When we launch an appeal


  • The disaster must be on such a scale and of such urgency as to call for swift international humanitarian assistance
  • The DEC member agencies, or some of them, must be in a position to provide effective and swift humanitarian assistance at a scale to justify a national appeal
  • There must be reasonable grounds for concluding that a public appeal would be successful, either because of evidence of existing public sympathy for the humanitarian situation or because there is a compelling case indicating the likelihood of significant public support should an appeal be launched


One-off catastrophes

Such as earthquakes, which have an immediate impact on local communities. As the 2015 Nepal Earthquake Appeal showed, the general public can be extremely generous in donating to help people survive a major catastrophe. After the initial humanitarian assistance phase, members may need longer-term funding to help people rebuild their homes and villages.
Slow-onset humanitarian crises

Such as the 2017 East Africa crisis, which develop over time. For example, severe food shortages caused by complex environmental and economic factors may develop gradually over months or even years. The situation may be affected by political factors.
Complex political emergencies

Such as the crisis in Yemen, which can devastate the lives of civilians caught up in them. This kind of humanitarian crisis may not attract much media and public attention until the situation reaches a critical point. 


In applying these criteria, one of the key questions the DEC must consider is whether its members are the best placed to meet the needs of those in crisis, or whether the governments and aid organisations in affected countries already have the resources, people, expertise and organisational infrastructure to cope.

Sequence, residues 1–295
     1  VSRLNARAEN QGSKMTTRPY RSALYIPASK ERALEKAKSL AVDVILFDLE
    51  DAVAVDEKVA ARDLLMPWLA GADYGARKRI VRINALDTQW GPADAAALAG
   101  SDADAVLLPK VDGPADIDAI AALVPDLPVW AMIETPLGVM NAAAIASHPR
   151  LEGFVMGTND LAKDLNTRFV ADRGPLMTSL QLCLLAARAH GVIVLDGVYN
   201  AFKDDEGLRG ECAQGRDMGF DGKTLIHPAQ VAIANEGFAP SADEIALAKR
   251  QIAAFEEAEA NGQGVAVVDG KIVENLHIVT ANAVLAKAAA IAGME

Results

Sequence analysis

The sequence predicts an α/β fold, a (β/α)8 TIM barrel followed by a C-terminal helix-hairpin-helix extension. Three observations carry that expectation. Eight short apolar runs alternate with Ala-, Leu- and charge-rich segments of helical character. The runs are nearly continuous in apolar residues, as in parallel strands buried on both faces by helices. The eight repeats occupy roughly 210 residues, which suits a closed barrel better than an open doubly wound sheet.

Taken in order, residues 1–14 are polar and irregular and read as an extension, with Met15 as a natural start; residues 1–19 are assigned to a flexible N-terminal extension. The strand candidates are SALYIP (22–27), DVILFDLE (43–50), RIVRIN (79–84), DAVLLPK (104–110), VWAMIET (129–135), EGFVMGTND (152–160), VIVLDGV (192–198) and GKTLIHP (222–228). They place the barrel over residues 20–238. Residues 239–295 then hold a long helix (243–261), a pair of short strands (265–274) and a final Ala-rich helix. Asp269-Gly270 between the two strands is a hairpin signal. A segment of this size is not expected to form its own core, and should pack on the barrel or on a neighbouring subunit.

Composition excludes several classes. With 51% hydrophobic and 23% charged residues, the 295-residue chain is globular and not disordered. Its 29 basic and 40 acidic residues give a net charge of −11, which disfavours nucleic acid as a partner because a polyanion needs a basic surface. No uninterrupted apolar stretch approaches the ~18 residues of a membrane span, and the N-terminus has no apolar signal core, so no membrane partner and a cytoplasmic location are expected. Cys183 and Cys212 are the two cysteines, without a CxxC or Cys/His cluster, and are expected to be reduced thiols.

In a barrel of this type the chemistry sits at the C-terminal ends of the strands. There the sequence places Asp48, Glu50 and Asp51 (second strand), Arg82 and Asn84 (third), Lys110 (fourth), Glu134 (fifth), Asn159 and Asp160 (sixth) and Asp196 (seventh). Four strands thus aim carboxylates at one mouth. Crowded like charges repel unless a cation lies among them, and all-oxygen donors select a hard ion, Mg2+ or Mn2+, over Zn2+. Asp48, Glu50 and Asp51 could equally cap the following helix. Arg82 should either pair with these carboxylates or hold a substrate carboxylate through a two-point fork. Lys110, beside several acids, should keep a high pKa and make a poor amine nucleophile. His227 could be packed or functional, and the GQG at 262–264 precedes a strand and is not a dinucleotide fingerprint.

If the criteria are met, the DEC will launch an appeal by:

  • Uniting DEC agencies in a national fundraising effort
  • Working with the media to create an appeal mechanism for national fundraising and public response
  • Ensuring funds raised go to the DEC agencies best placed to deliver aid to those in most need in an effective, timely and fully accountable way


The DEC alerts the Rapid Response Network (RRN), a unique alliance of the UK's corporate and broadcasting sectors, to launch a highly cost-effective fundraising appeal.

Each broadcaster decides independently whether or not they will carry an appeal.
At the same time, we consult with members to establish the level of humanitarian need.

The DEC makes sure people know how to donate and can do so via their preferred secure method, including by telephone, online, post, sms or in person at a collection point.
Each appeal fund is usually promoted for two weeks and remains open for six months.

The DEC and its member agencies have been incredibly effective in both raising funds and providing humanitarian aid quickly and effectively.

Thanks to the generosity of the UK public, in recent years we have raised:

  • £43 million for the 2019 Cyclone Idai Appeal
  • £29 million for the 2018 Indonesia Tsunami Appeal
  • £30 million for the 2017 Emergency Appeal for People Fleeing Myanmar
  • £66 million for the 2017 East Africa Crisis Appeal
  • £30 million for the 2016 Yemen Crisis Appeal
  • £87 million for the 2015 Nepal Earthquake Appeal

Before that, we raised £37 million in response to the devastating outbreak of Ebola in 2014 and £97 million for the people of the Philippines affected by Typhoon Haiyan in 2013.